"People could understand the injustice": Ruth Bader Ginsburg on the nation's "rapid" evolution on marriage equality

The Supreme Court justice also talks equal marriage victories across the country and her "spicy" legal blog reads

By Katie McDonough
Published May 2, 2014 3:49PM (EDT)
  (AP/J. Scott Applewhite)
(AP/J. Scott Applewhite)

The Wall Street Journal on Friday released excerpts of an interview with Supreme Court Justice Ruth Bader Ginsburg. In it, she discusses the high court's historic ruling in United States v. Windsor, the nation's "rapid" evolution on marriage equality and the "spicy" legal blogs she loves. It, like Ruth Bader Ginsburg, is pretty great.

On Windsor, marriage equality and the speed of social change:

GINSBURG: The reaction to Windsor I think has been positive from the public. She was such a well-chosen plaintiff. People could understand the injustice of the way she was treated. I haven’t seen a social change that rapid in – ever. It’s just great that people who for years have been disguising what they were are now free to be what they are. I’m sure you know that years and years ago Justice [Lewis] Powell said there was never a homosexual clerk at the Supreme Court. Of course there were. And he had some.

WSJ: The court ruled relatively narrowly in Windsor, and did not address whether state laws could deny marriage to same-sex couples. Why not take on the bigger question?

GINSBURG: You saw the way the court disposed of the California case. The court generally moves in small steps rather than in one giant step. I think Thurgood Marshall’s litigation is a good example of that. For years he was not arguing that ‘separate but equal’ had to go [but rather attacking segregation incrementally]. Then, then when he had all the building blocks in place, he could bring the Brown litigation.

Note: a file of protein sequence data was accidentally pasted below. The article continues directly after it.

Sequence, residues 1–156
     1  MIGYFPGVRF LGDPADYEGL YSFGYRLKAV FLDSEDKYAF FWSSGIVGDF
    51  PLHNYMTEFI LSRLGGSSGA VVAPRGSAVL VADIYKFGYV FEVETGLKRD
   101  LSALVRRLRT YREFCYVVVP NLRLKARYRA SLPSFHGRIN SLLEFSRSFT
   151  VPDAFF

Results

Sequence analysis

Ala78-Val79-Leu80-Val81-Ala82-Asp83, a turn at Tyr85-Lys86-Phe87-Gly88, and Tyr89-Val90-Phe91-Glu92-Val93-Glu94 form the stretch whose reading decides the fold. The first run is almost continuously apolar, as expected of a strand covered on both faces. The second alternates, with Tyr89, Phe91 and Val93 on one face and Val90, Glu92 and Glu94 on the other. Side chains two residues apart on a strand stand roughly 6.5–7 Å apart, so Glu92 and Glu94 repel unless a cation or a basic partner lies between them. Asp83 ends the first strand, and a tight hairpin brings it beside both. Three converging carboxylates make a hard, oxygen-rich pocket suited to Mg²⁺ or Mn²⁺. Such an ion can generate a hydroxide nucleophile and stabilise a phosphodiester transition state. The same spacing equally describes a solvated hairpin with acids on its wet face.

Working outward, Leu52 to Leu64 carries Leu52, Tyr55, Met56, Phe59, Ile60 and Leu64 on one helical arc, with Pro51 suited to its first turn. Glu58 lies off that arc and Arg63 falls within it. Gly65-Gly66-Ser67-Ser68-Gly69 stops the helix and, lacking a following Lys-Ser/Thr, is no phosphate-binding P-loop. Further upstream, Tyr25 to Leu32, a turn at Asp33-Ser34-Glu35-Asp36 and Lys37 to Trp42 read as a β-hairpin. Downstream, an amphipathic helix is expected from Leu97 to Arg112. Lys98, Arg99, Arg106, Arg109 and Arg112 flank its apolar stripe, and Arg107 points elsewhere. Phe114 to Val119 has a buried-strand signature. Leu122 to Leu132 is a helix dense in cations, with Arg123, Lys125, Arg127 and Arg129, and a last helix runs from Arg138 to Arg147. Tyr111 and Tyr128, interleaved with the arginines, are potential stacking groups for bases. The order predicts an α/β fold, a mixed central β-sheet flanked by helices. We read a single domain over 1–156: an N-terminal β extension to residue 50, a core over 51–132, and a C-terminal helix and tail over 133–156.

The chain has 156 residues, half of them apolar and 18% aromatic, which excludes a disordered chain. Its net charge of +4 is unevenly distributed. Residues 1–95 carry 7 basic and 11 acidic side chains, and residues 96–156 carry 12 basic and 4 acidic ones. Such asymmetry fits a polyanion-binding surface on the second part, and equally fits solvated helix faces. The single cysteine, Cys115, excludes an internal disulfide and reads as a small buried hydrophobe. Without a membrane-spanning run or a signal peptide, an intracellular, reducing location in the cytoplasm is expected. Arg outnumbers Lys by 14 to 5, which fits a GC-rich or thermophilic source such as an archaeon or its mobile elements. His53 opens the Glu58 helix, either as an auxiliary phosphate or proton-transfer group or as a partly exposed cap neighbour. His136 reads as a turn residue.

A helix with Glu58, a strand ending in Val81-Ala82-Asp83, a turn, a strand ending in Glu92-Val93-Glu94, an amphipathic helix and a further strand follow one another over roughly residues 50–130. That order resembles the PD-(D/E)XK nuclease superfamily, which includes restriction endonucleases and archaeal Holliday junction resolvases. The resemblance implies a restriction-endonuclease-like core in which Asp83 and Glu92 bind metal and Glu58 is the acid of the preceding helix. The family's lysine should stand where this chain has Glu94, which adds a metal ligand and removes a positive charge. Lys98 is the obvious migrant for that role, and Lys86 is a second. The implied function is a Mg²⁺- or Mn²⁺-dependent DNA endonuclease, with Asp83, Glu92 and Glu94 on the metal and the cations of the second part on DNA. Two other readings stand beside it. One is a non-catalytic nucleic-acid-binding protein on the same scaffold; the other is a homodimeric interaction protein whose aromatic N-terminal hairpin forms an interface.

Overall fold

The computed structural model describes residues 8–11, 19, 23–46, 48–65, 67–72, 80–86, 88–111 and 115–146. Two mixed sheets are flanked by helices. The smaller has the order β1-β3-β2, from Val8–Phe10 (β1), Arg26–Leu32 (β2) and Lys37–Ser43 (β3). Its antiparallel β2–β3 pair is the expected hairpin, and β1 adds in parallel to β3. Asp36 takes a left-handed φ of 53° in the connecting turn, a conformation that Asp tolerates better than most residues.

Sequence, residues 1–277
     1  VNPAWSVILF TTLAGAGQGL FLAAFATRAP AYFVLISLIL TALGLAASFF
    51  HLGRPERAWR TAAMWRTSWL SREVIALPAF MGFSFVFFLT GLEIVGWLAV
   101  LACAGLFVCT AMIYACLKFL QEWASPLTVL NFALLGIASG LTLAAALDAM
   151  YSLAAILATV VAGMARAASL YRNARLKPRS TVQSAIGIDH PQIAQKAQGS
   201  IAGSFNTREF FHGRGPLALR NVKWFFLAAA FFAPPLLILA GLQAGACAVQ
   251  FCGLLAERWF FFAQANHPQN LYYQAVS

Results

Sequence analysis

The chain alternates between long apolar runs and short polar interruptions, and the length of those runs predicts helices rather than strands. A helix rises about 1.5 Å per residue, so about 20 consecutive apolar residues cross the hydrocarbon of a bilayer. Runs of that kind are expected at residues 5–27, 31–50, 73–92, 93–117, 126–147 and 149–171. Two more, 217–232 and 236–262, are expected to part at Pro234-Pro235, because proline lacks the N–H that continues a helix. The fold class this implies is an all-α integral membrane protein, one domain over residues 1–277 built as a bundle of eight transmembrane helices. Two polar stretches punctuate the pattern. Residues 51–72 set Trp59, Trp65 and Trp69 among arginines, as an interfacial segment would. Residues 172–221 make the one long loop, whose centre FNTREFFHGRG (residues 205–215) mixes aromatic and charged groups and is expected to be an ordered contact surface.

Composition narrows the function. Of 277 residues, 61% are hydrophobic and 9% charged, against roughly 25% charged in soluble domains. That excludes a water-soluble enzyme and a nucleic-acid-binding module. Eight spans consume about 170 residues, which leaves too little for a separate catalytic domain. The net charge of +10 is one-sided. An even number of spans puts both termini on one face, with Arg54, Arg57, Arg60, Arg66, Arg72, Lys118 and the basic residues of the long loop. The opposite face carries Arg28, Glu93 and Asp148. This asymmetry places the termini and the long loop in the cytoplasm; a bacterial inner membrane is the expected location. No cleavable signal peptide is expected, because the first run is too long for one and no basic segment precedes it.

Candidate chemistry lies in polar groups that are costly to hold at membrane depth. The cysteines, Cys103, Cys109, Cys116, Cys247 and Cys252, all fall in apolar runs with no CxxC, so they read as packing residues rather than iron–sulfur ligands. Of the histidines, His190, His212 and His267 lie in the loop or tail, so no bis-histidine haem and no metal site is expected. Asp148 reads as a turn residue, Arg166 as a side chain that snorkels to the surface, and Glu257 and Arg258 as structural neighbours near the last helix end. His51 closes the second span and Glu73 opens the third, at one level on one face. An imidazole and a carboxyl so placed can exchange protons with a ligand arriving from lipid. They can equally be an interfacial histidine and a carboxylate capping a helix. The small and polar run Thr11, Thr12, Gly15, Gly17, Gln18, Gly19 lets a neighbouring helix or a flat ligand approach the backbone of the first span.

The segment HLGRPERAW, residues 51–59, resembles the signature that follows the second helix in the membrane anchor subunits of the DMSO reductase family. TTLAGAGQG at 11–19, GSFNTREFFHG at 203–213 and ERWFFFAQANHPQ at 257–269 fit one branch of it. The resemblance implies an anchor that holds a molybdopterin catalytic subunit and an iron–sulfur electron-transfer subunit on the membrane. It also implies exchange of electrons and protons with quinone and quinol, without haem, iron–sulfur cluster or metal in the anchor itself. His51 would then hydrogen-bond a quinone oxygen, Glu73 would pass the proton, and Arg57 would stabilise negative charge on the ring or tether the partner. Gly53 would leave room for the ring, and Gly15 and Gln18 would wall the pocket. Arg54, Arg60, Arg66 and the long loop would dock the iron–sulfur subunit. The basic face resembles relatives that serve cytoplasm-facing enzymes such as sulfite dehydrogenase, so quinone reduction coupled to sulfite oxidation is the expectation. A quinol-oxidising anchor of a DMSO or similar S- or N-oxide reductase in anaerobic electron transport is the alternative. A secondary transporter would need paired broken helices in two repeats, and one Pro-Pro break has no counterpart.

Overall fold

WSJ: Although Windsor’s holding was limited, lower federal and state courts have cited its reasoning to strike down restrictions on gay marriage.

GINSBURG: I think it was an inevitable next step on the part of people who were trying to promote a greater understanding.

On her Internet reading habits:

WSJ: Do you read legal blogs?

GINSBURG: I don’t look at them but my son does and my law clerks do. Occasionally I look at Slate.com because [senior editor] Emily Bazelon is a young woman I care for. There’s another woman at Slate who I think is very good, too. Dahlia Lithwick. She’s kind of – spicy.

You can read the rest here.

Katie McDonough

Katie McDonough is Salon's politics writer, focusing on gender, sexuality and reproductive justice. Follow her on Twitter @kmcdonovgh or email her at kmcdonough@salon.com.

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Equal Marriage Justice Ruth Bader Ginsburg Marriage Equality Ruth Bader Ginsburg Scotus